Culture of fear right across banking industry, says union

IBOA says pressure to meet targets creates bad experience for employees and customers

The IBOA’s general secretary Larry Broderick told the inquiry that bank employees feel they have been “vilified” by the actions of senior bank management. Photograph: Frank Miller/The Irish Times

The IBOA’s general secretary Larry Broderick told the inquiry that bank employees feel they have been “vilified” by the actions of senior bank management. Photograph: Frank Miller/The Irish Times

Wed, Jan 22, 2014, 21:07

There is a culture of fear in the banking sector not just in Ireland but right across the industry, the Irish Bank Officials’ Association has warned.

The IBOA said the pressures that bank staff are put under to meet targets on a daily basis has created not just a difficult working environment but results in a bad experience for both employees and customers alike.

The finance union, which has 4,500 members in the North, gave evidence about the local banking sector to an influential group of Northern and British MPs at the House of Commons in London today.

The Northern Ireland Affairs Committee is holding an inquiry into the banking structure in Northern Ireland and is taking evidence from all of the key players with influence in the industry.

The IBOA’s general secretary Larry Broderick told the inquiry that bank employees feel they have been “vilified” by the actions of senior bank management.

He said the last five years had been particularly difficult for bank staff who had been at the forefront of the banking crisis and who empathised with their customers and the difficulties many of them had experienced.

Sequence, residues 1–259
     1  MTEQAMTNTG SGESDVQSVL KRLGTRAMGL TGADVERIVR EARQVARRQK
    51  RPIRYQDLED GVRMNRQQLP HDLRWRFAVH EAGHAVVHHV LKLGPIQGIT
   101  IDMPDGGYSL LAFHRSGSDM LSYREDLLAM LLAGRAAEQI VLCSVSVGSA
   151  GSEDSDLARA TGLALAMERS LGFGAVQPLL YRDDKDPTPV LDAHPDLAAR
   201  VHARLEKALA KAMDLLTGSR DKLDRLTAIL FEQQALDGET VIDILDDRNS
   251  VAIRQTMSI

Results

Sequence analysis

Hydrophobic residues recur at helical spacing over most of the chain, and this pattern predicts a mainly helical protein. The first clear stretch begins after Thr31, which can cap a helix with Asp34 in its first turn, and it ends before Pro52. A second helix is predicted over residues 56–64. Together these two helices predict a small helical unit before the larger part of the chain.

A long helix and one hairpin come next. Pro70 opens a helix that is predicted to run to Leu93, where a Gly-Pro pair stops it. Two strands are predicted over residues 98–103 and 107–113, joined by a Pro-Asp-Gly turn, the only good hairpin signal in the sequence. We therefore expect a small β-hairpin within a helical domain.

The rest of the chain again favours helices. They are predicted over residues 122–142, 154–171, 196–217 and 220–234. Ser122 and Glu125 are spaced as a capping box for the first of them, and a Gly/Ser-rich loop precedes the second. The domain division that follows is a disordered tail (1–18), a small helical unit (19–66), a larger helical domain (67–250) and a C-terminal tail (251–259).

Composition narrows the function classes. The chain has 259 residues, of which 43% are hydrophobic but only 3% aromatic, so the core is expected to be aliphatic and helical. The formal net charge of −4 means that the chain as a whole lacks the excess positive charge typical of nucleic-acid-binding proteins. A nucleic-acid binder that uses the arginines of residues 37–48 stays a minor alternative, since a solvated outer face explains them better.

The IBOA believes that the banking industry in the North suffers from a “lack of transparency” - one example he highlighted was local banks’ assertions that they were willing to lend money.

But the IBOA said its intelligence suggested that while money might be available in certain circumstances banks had “significantly tightened” the lending criteria under which customers can access finance.

Mr Broderick said the union is particularly concerned that all of the major banks in the North - Ulster, Danske, Bank of Ireland and First Trust - are owned and controlled outside of the North.

He said the union is also concerned that decisions are made that do not take into account the “additional dimensions” of the local economy such as the high proportion of family-owned businesses and small enterprises that employ less than 15 people.

“There is no control in Northern Ireland,” he said.

Mr Broderick said there is heightened concern among Ulster Bank employees at this time about a review currently under way at its parent company, RBS.

He said out of all the banks in the North employee morale is worse in Ulster Bank.

Mr Broderick said Ulster Bank employees have no idea what is going to happen and the union fears that Northern Ireland could suffer further job losses and bank closures.